Victoria, British Columbia

Victoria is the capital city of the Canadian province of British Columbia, on the southern tip of Vancouver Island off Canada's Pacific coast. The city has a population of 85,792, and the Greater Victoria Area has a population of 367,770. Victoria is the 7th-most densely populated city in Canada with 4,405.8 inhabitants per square kilometre (11,411/sq mi).[9]

Victoria
The Corporation of the City of Victoria[1]
From top to bottom, left to right: the British Columbia Parliament Buildings, Downtown Victoria, Craigdarroch Castle, Christ Church Cathedral, the Empress Hotel and the Float Home Village at Fisherman's Wharf
Nickname(s): 
Motto(s): 
Semper Liber (Latin)
"Forever free"
Victoria
Location of Victoria within the Capital Regional District
Victoria
Location within British Columbia
Victoria
Location within Canada
Victoria
Location within North America
Coordinates: 48°25′42″N 123°21′53″W
CountryCanada
ProvinceBritish Columbia
Regional DistrictCapital
Historic coloniesC. of Vancouver Island (1848–66)
C. of British Columbia (1866–71)
Incorporated2 August 1862[4]
Named forQueen Victoria
Government
  TypeElected city council
  MayorLisa Helps
(List of mayors)
  Governing bodyVictoria City Council
  MPLaurel Collins (NDP)
  MLAsGrace Lore (BC NDP), Rob Fleming (BC NDP)
Area
  City19.47 km2 (7.52 sq mi)
  Urban
215.88 km2 (83.35 sq mi)
  Metro
696.15 km2 (268.79 sq mi)
Elevation
23 m (75 ft)
Population
  City85,792 (66th)
  Density4,406.3/km2 (11,412/sq mi)
  Urban
335,696[7]
  Urban density1,555.0/km2 (4,027/sq mi)
  Metro
367,770 (15th)
  Metro density528.3/km2 (1,368/sq mi)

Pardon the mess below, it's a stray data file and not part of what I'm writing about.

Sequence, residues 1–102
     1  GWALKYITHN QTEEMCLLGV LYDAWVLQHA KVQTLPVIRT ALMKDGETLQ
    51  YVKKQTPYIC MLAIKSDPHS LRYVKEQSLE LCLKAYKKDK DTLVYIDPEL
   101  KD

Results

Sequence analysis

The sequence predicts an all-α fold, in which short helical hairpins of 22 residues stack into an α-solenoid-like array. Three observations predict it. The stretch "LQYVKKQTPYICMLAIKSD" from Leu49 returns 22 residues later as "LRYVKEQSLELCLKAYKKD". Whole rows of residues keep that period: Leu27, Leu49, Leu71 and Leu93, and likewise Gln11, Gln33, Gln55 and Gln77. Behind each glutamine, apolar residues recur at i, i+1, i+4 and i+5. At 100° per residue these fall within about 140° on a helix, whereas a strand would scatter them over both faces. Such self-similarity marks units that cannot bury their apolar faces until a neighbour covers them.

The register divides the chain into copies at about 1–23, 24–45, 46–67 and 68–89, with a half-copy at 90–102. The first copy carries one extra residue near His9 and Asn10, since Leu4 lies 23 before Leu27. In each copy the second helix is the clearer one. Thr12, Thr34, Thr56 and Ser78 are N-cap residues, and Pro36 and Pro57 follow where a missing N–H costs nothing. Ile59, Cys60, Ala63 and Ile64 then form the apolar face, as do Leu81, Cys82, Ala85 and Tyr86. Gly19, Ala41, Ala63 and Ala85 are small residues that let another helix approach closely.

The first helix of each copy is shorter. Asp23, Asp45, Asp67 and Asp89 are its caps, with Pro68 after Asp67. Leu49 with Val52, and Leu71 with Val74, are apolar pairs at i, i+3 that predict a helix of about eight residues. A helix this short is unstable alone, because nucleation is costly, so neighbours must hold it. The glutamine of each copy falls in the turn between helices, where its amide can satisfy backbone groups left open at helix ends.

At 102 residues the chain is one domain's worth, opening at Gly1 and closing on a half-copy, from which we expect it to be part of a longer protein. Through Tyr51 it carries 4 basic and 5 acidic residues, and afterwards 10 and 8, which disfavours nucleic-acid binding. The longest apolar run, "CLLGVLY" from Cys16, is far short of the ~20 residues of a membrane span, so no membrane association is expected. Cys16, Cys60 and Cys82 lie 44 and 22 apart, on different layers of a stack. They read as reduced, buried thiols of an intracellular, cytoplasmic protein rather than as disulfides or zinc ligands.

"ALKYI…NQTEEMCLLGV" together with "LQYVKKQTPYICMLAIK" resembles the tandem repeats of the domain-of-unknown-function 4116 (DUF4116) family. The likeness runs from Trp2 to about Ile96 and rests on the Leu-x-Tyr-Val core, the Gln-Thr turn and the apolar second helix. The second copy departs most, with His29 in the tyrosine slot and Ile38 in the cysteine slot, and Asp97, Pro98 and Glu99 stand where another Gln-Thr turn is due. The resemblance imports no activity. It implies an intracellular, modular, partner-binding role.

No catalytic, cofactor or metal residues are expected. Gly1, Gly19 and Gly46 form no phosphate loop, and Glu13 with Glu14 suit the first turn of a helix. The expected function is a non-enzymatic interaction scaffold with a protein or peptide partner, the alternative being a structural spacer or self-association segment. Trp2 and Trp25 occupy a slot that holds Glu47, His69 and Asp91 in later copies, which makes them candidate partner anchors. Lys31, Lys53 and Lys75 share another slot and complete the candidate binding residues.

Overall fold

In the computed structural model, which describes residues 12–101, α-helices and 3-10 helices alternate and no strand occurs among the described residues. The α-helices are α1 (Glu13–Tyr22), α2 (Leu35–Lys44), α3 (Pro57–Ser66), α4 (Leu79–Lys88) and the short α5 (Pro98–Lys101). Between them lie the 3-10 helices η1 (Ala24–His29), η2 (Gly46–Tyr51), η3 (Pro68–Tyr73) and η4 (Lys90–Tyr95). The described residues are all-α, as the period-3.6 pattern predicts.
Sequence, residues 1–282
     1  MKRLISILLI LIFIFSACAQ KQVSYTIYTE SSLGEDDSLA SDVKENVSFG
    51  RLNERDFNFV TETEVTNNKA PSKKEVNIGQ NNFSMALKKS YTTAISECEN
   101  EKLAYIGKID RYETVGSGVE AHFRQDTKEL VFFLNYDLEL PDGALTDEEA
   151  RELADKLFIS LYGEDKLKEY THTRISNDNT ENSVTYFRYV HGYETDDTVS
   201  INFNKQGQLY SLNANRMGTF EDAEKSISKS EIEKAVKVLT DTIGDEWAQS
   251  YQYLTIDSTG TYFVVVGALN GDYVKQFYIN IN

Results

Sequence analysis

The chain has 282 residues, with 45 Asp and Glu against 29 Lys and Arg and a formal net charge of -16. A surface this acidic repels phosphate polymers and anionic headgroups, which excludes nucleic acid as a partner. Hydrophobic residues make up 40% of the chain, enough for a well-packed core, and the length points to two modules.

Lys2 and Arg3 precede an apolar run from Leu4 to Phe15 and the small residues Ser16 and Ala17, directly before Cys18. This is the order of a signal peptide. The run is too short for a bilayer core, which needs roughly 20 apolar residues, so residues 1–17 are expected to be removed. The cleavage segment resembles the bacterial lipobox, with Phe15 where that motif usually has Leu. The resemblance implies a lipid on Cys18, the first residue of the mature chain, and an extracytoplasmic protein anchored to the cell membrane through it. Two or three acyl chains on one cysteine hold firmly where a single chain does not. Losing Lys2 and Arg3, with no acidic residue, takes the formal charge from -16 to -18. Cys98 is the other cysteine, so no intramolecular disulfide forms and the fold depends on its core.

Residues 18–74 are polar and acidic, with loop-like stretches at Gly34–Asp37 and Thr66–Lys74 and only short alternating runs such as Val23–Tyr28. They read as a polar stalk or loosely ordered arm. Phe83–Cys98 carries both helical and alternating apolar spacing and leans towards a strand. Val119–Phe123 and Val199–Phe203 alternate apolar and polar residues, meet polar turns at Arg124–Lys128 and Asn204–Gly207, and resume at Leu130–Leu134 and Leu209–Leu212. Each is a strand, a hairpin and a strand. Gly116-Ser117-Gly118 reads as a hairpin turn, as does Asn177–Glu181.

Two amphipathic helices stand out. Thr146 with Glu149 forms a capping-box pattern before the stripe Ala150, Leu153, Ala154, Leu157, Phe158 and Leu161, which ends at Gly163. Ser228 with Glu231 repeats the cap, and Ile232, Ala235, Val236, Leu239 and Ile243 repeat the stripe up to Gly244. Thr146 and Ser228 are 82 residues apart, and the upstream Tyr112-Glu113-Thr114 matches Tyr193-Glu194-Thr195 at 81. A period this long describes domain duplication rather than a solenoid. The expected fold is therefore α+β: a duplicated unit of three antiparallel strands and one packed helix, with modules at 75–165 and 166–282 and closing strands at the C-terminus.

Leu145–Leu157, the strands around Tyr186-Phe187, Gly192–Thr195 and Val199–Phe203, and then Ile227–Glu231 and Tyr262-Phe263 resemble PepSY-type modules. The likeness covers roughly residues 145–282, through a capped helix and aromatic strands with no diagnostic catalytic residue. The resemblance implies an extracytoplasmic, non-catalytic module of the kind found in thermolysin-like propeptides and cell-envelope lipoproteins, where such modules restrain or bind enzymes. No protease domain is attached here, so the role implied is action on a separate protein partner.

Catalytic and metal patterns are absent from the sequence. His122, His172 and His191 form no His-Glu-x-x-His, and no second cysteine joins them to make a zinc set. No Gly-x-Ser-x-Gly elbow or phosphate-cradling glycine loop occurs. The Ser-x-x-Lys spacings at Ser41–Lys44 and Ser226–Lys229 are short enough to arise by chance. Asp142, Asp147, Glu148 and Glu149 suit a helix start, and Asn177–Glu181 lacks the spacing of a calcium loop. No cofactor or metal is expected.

Demonym(s)Victorian
Time zoneUTC−08:00 (PST)
  Summer (DST)UTC−07:00 (PDT)
Forward sortation area
Area codes250, 778, and 236
NTS Map92B6 Victoria
GNBC CodeJBOBQ
GDP (Victoria CMA)CA$19.7 billion (2016)[8]
GDP per capita (Victoria CMA)CA$53,446 (2016)
Websitevictoria.ca

Victoria is the southernmost major city in Western Canada and is about 100 km (60 mi) southwest from British Columbia's largest city of Vancouver on the mainland. The city is about 100 km (60 mi) from Seattle by airplane, ferry, or the Victoria Clipper passenger-only ferry, and 40 km (25 mi) from Port Angeles, Washington, by ferry Coho across the Strait of Juan de Fuca.

Named for Queen Victoria, the city is one of the oldest in the Pacific Northwest, with British settlement beginning in 1843. The city has retained a large number of its historic buildings, in particular its two most famous landmarks, the Parliament Buildings (finished in 1897 and home of the Legislative Assembly of British Columbia) and the Empress hotel (opened in 1908). The city's Chinatown is the second oldest in North America after San Francisco's. The region's Coast Salish First Nations peoples established communities in the area long before European settlement, which had large populations at the time of European exploration.

Known as "The Garden City", Victoria is an attractive city and a popular tourism destination with a regional technology sector that has risen to be its largest revenue-generating private industry.[10] Victoria is in the top twenty of world cities for quality-of-life,[11] according to Numbeo. The city has a large non-local student population,[12] who come to attend the University of Victoria, Victoria College of Art, Camosun College, the Canadian College of Performing Arts, and high school programs run by the region's three school districts. Victoria is popular with boaters with its rugged shorelines and beaches. Victoria is also popular with retirees, who come to enjoy the temperate and usually snow-free climate of the area as well as the usually relaxed pace of the city.